The Forbidden Photos of a Lady Above Suspicion **** 1970


The titles of classic 1970’s giallo can be quite abstract, so it’s something of a relief when Luciano Ercoli’s Barcelona-set drama turns out to be about forbidden photos of a lady above suspicion. The lady in question is Minou, played by Dagmar Lassander, who is introduced planning to tell her industrialist husband Peter (Pier Paulo Cappoli) that she’s leaving him for another man; she sees this as a way of keeping him keen. Before she can get this plan into action, she receives a warning that her husband is a murderer, and is guided to a cassette-recording of him ordering the death of a man using the decompression chamber essential to deep-sea divers. But that’s only the first piece of bait in an elaborate blackmail plot; but who is responsible? Does mutual friend and lover Dominique (Nieves Navarro) have anything to do with it? The prolific Ernesto Gastaldi is the screenwriter here, and he weaves a story of unusual restraint for a giallo; violence and murder take a back seat to intrigue and suspense, and a conclusion that’s both surprising and inevitable in Mametian terms. There’s also an air of sexual expression that’s fairly wild; women invite each other over to watch projected slideshows of their latest nude photographs. Incidental pleasures include a nightclub straight out of Austin Powers and a groovy lounge-core score from Ennio Morricone. If some giallos seem a little nasty, Forbidden Photos is a good example of a non-exploitive one; there’s a touch of Breaking The Waves about the way the female protagonist links her own degradation to her husband’s well-being. It’s a stylish, perverse entertainment, and looks great on this fresh transfer, currently streaming on the Arrow channel.


Pain and Glory 2019 ***


Sooner or later, the critic Clive James once noted, every artist feels the need to give us something of themselves. Pedro Almodovar’s latest, Pain and Glory, might as well be titled All About Myself; the subject is Salvador Mallo, an aging Spanish film director (Antonio Banderas) who has various health worries, and is wrestling with the creative process; he’s unwilling to work, and seeks escape through smoking heroin with an actor he’d previously fallen out with. While under the chemical cosh, Mallo falls into a reverie about his early life, recognising what a gifted individual he was, recounting his first attraction to men, and fondly remembering how much his mother (Penelope Cruz) did for him when they were reduced by poverty to living in a cave with whitewashed walls. It’s hardly a surprise that Almodovar should lapse into such navel-gazing and ‘I remember mama’ sentiment, but it’s hardly cause for celebration; the creativity that drove Volver, Live Flesh or The Skin I Live In is absent here, and there’s a lot of self-pity. Of course, Almodovar has a few games to play ‘You would never let me make a film about you’ Mallo tells his mother, yet the audience already know that motherhood is as much a staple of the director’s work as colourful kitchens and eye-popping decor. Still, Cruz is always something to beyond under the great man’s direction, and Banderas is excellent, wincing with pain as he surveys a life suddenly emptying of character and good times. Pain & Glory is one of these ‘artistic summation; the wonder of me’ films so beloved by Fellini and Cocteau; essential for fans, but perhaps a little dry and self-absorbed for the general public.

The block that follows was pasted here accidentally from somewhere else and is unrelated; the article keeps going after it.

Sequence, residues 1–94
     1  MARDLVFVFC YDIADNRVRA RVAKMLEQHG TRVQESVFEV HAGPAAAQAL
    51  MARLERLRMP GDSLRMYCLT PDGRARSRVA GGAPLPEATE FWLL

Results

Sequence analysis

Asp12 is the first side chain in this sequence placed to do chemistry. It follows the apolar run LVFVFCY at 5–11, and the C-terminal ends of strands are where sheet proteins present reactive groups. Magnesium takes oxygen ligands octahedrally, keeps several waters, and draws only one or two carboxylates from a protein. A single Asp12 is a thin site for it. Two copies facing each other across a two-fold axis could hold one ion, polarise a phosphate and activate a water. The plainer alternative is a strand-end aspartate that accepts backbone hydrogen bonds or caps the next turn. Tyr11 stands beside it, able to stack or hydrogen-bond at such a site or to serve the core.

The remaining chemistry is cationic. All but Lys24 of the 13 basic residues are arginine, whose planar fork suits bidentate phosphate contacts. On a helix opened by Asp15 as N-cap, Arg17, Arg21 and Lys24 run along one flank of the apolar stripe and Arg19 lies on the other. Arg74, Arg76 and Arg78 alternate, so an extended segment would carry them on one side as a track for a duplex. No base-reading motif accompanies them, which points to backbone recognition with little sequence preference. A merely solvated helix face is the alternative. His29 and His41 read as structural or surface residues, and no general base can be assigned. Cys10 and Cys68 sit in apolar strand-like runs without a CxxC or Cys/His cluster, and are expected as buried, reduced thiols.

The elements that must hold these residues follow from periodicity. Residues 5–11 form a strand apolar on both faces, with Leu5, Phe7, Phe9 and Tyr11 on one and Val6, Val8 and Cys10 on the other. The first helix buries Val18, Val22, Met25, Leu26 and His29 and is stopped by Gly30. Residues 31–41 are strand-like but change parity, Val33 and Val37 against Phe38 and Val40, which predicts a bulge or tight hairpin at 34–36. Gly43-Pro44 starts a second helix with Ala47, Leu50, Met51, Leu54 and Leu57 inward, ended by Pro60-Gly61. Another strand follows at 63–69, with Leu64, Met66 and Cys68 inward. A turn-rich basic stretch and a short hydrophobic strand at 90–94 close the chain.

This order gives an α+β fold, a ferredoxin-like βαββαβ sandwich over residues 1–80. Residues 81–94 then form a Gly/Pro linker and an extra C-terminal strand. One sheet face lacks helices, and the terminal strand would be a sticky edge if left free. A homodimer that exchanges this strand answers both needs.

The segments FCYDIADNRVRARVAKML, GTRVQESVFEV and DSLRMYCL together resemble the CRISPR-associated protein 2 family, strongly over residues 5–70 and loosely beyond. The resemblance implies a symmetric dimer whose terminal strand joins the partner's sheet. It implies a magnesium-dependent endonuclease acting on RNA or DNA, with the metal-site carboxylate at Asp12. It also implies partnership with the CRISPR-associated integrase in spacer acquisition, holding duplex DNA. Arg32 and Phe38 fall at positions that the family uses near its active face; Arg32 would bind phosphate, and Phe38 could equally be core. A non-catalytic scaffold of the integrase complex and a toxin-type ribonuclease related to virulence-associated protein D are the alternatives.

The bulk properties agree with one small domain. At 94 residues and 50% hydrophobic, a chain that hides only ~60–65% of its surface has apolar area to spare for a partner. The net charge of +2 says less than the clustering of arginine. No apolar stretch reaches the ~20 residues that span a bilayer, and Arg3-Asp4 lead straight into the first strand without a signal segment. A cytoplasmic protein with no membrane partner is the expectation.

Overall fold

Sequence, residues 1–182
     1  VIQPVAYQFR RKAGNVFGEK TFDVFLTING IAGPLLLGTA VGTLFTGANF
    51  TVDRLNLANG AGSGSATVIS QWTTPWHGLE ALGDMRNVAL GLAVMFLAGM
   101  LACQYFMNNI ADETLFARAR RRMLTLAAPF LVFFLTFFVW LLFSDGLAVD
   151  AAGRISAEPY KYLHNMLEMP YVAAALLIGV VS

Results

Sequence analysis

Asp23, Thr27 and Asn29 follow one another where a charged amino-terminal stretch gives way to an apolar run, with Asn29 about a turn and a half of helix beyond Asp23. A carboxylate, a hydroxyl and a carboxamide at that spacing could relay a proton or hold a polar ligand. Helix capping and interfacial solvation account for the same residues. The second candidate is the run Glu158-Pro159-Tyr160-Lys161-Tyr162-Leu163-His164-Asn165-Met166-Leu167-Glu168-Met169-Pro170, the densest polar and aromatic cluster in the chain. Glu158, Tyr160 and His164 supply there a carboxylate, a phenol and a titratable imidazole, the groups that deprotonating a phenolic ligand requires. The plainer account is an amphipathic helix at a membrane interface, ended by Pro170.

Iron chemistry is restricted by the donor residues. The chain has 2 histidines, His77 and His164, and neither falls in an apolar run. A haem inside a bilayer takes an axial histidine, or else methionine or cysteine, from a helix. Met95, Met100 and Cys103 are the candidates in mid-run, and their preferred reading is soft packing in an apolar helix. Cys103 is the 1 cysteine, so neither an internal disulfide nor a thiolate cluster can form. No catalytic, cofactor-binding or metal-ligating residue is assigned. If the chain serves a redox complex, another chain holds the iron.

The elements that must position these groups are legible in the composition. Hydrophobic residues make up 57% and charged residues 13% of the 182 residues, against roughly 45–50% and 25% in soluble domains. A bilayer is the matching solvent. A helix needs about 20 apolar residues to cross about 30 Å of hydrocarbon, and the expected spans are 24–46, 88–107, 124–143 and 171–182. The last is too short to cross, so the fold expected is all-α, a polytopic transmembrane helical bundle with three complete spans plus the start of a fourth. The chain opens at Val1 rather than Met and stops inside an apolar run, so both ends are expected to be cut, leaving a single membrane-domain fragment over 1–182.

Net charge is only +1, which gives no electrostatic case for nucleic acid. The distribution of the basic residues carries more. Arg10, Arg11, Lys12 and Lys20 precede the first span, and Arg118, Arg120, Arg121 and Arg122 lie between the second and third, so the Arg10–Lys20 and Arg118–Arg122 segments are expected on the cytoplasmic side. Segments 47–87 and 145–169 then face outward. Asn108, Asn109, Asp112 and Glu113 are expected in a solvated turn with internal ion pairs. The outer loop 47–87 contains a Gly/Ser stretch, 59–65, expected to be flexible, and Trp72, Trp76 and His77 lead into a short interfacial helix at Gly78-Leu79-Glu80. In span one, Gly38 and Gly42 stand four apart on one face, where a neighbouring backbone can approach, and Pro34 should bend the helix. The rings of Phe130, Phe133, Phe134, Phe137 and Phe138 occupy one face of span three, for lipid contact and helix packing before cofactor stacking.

Timecrimes 2007 ***


With a Hollywood remake in the works, it’s worth appreciating writer/director Nacho Vigalondo’s smart Spanish sci-fi thriller in its original state. Hector (Karra Elejalde) is sitting on the balcony when he spies a naked girl through his binoculars. Investigating, he comes across a masked figure, and then upon an eccentric neighbour who is perfecting his time-travel machine. Hector’s intervention sets time out of joint, and with several different versions of himself running around, he ends up having to travel back in time to set things right. In the vein of Looper or Triangle, Timecrimes works out the paradoxes of the deceptively simple storyline with ease, keeping audiences guessing till the end.